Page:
While he was accused of money laundering and violating Japanese financial regulations, Ghosn since his arrest has been portrayed by liberals in the Japanese and French media as a victim of and a hero fighting against the Japanese legal system. It seems these liberals support anyone who appears to be "anti-Abe" (Shinzo Abe, Japan’s longest-serving post-war prime minister and a member of the ruling center-right Liberal Democratic Party, or LDP) and anti-establishment.

The runaway liberal virtue signaling was even more pronounced following the murder of Soleimani. A commentator writing in the Asahi Shimbun stated that such was Soleimani's esteem in Iran that subordinates wept at the news of his death. Liberal commentators would have us think that a man who killed tens of thousands and who has been declared a terrorist by the United States is "beloved".

What seems to be most important in this liberal narrative is anti-Americanism and opposition to whoever is in power.


Restraint Needed in US-Iran Confrontation
Thursday, January 9, 2020
Restraint Needed in US-Iran Confrontation

Summary by Nevin Thompson

Restraint Needed in US-Iran Confrontation

While Trump continues with his erratic behavior, this time the consequences of his disruptive actions are even more severe. Following the killing of the commander of Iran's Revolutionary Guards, Tokyo Shimbun calls on both the US and Iran to exercise restraint so that their conflict does not escalate to war.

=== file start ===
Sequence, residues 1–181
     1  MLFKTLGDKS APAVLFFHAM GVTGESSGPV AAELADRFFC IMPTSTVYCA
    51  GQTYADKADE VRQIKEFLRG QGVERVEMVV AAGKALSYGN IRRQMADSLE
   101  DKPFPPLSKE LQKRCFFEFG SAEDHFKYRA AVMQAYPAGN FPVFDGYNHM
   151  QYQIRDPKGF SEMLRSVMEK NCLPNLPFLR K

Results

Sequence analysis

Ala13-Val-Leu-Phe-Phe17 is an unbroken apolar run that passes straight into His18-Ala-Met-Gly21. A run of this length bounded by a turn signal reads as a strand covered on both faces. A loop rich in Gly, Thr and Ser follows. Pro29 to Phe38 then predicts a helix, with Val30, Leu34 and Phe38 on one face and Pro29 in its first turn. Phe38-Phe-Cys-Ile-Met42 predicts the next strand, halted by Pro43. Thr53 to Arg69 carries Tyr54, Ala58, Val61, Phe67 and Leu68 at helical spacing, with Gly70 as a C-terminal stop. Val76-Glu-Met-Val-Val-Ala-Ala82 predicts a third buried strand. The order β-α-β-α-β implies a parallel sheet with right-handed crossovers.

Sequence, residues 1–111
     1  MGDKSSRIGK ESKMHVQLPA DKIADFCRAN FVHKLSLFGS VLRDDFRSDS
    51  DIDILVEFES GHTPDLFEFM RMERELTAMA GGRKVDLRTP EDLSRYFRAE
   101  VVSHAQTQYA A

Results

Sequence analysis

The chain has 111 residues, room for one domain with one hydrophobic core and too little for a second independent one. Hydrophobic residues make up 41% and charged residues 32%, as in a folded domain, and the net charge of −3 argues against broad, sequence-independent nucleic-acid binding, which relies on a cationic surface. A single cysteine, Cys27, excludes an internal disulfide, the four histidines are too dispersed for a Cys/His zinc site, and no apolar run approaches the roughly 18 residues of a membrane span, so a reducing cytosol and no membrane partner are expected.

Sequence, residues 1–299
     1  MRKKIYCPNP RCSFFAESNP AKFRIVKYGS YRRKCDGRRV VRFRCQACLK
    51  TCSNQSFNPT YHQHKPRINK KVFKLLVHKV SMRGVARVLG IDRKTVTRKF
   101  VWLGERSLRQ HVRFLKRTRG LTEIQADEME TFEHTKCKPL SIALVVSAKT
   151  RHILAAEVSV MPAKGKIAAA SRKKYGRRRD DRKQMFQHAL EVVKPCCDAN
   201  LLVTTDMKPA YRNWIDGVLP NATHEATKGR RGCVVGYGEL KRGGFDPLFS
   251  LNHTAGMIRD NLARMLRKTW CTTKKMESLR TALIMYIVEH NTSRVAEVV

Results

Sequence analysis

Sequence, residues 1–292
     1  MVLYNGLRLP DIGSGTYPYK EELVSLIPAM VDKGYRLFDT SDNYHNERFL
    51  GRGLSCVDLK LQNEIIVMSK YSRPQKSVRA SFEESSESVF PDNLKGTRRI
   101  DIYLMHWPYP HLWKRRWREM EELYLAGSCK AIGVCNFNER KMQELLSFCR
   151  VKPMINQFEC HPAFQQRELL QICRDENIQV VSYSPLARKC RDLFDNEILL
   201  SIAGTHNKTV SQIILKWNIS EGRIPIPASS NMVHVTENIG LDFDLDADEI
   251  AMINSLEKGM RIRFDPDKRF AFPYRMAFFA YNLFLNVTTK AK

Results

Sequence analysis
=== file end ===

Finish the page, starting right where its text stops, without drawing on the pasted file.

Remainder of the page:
By killing Soleimani at the Baghdad airport, the United States has violated Iraq's sovereignty. Concerned that their country will become a battlefield between the US and Iran, Iraqi legislators have passed a resolution demanding the withdrawal of American troops there.

The Trump administration's consistent hostility towards Iran, including his withdrawal from nuclear deal, has weakened Iranian moderates into distress while bolstering hardliners. The world is watching now as Iran plans its retaliation for Soleimani's death.

Tokyo Shimbun calls on Iran to stick with the nuclear deal. Actions, including military force, that would further destabilize the current situation should be avoided. Finally, the Japanese government should cancel its plans to dispatch ships and planes from the Self-Defense Forces to the Middle East. Any deployment should be discussed in the national Diet first.